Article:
Over the last 20  years, several approaches have been proposed for the online monitoring of hydrocyclone behaviour or characteristics, as summarized in Table 3. Although some of these approaches have been commercialized, online monitoring of hydrocyclones has not yet been incorporated into process control loops to a large extent and online monitoring technology can therefore not be considered as a mature technology yet. Table 3 gives a summary of online monitoring methods proposed over the last two decades.

6.4. Example of Underflow Monitoring

An example of underflow monitoring of hydrocyclones as discussed by Janse van Vuuren et al. (2011) can be considered briefly here. In this approach, a video camera is used to monitor the spray profile of a hydrocyclone dynamically. Images of the underflow are first enhanced to determine the outline of the flow as best as possible, as shown in Figure 5. This entails removal of the noise in the image on the left in the figure, to finally yield the image on the right.

Table 3

Online monitoring of hydrocyclones

Figure 5   Preprocessing of an image of the underflow of a hydrocyclone. From Janse van Vuuren et al. (2011); with permission from Elsevier.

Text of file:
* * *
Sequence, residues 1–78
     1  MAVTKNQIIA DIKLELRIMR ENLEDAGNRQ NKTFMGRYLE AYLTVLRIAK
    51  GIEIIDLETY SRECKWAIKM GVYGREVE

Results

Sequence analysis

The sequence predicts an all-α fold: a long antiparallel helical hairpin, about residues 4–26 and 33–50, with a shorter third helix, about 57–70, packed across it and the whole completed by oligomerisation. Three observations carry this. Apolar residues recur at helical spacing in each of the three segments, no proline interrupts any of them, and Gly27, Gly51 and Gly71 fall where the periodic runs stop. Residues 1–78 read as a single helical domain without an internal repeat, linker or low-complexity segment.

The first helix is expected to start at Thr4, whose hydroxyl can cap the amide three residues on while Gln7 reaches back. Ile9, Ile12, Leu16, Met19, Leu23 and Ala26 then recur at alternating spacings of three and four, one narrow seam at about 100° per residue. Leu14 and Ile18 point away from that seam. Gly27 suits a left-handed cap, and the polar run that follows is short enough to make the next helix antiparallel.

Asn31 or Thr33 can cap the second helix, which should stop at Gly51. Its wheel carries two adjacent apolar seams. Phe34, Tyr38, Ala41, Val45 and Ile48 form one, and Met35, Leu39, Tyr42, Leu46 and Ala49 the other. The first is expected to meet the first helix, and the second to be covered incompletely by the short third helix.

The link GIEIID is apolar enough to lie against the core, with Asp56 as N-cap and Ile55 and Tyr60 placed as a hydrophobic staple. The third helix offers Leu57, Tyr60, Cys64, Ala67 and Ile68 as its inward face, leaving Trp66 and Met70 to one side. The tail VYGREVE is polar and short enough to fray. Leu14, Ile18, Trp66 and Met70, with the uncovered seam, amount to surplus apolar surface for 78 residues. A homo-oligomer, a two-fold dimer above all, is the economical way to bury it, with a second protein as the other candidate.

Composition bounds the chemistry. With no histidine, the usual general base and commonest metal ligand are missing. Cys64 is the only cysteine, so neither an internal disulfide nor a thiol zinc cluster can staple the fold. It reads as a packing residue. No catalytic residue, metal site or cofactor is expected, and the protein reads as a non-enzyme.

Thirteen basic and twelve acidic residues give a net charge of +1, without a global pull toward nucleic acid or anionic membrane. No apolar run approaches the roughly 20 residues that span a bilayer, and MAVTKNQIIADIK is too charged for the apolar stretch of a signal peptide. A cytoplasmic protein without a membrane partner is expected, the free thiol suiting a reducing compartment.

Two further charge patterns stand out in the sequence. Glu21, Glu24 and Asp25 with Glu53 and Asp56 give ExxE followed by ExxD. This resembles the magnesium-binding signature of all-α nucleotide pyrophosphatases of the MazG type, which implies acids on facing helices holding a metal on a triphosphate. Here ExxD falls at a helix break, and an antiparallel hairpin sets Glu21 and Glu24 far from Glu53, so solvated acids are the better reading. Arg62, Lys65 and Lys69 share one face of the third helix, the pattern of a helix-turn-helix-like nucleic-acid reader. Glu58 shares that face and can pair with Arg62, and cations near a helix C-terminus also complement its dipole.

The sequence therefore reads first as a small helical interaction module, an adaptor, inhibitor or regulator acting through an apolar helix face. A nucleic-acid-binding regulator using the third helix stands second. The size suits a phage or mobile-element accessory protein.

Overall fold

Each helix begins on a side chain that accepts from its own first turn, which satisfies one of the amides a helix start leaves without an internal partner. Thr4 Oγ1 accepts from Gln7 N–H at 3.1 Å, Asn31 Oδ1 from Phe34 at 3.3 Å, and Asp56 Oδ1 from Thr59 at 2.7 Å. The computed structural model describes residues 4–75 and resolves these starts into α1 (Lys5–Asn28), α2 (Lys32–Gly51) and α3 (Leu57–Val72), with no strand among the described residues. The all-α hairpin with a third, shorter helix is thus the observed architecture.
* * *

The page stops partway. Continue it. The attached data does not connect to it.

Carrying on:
The width of this spray profile is subsequently measured at a fixed point below the spigot, as a proxy for the angle of the spray profile as indicated in Figure 6). Measurements at different points on the profile can also be obtained for more robust analysis (Petersen et al., 1996).

This information is analysed dynamically from a sequence of images and the underflow widths can then be mapped to a process chart, as shown in Figure 7. On this chart, normal operating conditions are indicated by a region delineated by a 99% confidence limit (the confidence level is adjustable). Image data are continuously mapped to this chart and the operator can then detect problems as before arise (typically overloading of the cyclone leading to roping), since the transition from the normal operating region to abnormal behaviour may be preceded by instability.

Figure 6   Measurement of the spray profile width from a denoised image of the underflow of a hydrocyclone. From Janse van Vuuren et al. (2011); with permission from Elsevier.

Figure 7   Mapping of image data to a process chart form predictive monitoring of the behaviour of the hydrocyclones.